Assuming owners are receptive to the idea of price escalation provisions, what considerations should the person drafting such provisions have in mind? The clause should identify the specific materials considered to be volatile and the unit prices for such materials at the date the contract is executed. Typically, the clause should provide that the developer will become liable for any price increases in those materials that cause the total contract price to be increased by a percentage agreed by both parties.
A sensible clause will set out notice periods for identification of price increases of materials. To avoid arguments later on, it will identify the class of documentation evidencing the increase, what events trigger an increase in contract price, what is the appropriate measure of market price, how many times the contract price can be increased, and what are the time periods covered.
If developers fail to respond to industry concerns and refuse to include price escalation clauses in bid documents and negotiations, contractors need to take steps to limit their exposure. It makes sense for them to deal with reliable and reputable suppliers.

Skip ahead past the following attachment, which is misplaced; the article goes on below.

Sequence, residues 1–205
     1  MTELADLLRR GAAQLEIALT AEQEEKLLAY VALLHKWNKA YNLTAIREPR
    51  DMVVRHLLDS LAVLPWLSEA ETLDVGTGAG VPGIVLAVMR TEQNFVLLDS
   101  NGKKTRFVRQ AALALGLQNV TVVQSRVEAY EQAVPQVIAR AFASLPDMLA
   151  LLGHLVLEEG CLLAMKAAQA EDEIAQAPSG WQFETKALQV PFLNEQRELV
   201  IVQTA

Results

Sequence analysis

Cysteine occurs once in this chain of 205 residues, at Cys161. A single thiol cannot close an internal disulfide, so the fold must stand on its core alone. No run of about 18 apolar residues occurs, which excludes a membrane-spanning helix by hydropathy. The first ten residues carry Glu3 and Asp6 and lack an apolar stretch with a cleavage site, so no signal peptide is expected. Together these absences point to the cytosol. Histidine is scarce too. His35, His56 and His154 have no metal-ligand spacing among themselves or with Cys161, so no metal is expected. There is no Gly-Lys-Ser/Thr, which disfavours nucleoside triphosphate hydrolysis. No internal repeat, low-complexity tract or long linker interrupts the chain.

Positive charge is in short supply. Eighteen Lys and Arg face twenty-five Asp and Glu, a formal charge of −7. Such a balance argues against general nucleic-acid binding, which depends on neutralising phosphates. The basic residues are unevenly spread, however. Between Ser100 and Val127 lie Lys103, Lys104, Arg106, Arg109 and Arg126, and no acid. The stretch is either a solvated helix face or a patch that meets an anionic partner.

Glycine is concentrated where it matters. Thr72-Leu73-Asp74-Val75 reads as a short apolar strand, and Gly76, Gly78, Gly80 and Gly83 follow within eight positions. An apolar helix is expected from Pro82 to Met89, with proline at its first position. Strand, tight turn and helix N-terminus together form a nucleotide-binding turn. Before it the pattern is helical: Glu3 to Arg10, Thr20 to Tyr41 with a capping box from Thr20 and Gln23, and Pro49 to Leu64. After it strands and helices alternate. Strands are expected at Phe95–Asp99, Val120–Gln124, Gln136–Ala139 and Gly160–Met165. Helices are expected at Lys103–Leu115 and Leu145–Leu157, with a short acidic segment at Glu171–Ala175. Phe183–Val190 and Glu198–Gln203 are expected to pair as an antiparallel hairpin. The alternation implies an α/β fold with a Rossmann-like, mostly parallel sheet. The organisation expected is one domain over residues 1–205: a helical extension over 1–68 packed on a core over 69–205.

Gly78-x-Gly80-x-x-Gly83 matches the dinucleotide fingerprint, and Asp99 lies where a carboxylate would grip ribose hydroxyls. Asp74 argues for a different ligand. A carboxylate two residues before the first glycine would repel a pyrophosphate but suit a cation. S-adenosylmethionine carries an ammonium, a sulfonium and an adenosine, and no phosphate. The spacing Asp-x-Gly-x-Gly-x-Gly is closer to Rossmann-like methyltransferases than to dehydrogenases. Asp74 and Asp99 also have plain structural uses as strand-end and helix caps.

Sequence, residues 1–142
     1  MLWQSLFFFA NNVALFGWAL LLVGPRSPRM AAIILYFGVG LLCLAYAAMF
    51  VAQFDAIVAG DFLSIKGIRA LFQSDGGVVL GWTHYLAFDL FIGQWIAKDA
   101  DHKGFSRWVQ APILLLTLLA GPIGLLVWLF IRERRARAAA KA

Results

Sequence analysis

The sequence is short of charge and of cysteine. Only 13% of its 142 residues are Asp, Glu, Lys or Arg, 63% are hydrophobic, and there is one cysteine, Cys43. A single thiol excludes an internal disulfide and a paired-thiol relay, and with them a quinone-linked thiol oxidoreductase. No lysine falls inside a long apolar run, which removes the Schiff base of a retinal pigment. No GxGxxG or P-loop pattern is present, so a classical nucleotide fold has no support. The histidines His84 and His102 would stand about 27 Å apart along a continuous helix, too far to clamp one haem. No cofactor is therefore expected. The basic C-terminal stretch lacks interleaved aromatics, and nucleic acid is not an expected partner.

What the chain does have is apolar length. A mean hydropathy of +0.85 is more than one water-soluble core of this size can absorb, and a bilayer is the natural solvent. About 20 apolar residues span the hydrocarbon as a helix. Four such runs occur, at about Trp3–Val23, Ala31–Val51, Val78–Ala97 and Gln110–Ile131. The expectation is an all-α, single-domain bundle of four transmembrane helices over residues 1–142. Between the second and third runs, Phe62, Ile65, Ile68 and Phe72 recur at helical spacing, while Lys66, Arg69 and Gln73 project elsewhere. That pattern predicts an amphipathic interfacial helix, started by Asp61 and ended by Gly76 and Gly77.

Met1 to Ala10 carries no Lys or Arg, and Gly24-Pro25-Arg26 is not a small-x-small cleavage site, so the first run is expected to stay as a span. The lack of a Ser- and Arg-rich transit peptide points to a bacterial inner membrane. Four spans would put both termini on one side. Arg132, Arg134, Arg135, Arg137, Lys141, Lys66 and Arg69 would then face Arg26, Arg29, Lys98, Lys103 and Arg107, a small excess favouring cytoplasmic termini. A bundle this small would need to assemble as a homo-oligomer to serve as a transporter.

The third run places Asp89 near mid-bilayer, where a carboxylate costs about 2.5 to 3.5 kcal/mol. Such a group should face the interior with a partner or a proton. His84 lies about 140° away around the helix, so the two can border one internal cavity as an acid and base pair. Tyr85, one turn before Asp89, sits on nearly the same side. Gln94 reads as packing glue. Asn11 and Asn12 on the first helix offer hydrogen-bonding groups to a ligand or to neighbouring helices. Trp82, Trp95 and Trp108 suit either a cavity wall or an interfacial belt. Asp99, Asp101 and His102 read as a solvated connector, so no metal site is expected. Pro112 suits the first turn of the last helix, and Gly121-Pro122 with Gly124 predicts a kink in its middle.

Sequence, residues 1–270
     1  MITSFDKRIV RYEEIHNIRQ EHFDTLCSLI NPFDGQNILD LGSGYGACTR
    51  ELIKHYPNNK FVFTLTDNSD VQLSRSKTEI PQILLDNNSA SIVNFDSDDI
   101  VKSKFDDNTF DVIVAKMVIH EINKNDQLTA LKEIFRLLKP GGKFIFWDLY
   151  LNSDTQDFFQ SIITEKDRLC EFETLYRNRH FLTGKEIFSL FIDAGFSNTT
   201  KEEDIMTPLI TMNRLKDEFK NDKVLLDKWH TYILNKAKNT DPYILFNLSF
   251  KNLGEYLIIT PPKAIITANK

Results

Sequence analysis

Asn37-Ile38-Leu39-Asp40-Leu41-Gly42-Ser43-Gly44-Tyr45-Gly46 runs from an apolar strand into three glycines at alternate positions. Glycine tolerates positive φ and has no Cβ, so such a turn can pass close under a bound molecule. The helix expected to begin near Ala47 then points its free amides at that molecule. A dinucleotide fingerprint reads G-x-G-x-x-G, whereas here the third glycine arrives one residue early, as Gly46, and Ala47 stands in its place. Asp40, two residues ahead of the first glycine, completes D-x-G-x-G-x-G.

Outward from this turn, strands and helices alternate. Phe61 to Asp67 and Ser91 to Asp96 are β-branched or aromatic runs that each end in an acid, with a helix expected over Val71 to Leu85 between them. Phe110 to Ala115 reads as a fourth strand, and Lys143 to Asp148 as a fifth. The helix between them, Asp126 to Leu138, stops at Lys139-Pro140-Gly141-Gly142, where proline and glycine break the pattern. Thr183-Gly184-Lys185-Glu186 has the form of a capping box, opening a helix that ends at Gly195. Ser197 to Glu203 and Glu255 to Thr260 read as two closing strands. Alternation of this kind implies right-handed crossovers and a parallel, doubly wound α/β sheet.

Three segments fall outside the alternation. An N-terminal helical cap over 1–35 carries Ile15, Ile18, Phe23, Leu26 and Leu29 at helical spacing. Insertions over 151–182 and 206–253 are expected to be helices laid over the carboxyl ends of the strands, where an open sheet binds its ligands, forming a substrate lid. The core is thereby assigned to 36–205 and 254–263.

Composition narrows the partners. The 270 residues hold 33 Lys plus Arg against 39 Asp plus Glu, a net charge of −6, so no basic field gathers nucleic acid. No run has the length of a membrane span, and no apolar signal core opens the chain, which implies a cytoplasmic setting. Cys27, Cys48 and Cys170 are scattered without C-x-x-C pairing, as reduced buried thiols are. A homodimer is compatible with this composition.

When prices and availability become an issue, established suppliers are likely to be more accommodating in sourcing material at an economic price. Even when reliable supply chains have been established, contractors must ensure that commitments received from their suppliers mirror their obligations to the owners. Supplier quotes should be vetted carefully as they may have provided bids on materials that are now unavailable or have increased significantly in cost and contractors will not wish to be left picking up the tab.
Tune into the market
It is also important for contractors to tune into the local market. This way they will be more alert to developments that could impact future prices. Such market knowledge may suggest the need to buy materials in advance, which can bring its own problems such as draining cash flow and increasing storage and security costs. It may be a good idea to buy price-volatile material on getting the contract, perhaps negotiating delayed delivery times to avoid storage costs.
The business strategy of contractors may have to change. For example, it may be prudent to only bid on projects with short construction programmes that give prices less time to increase.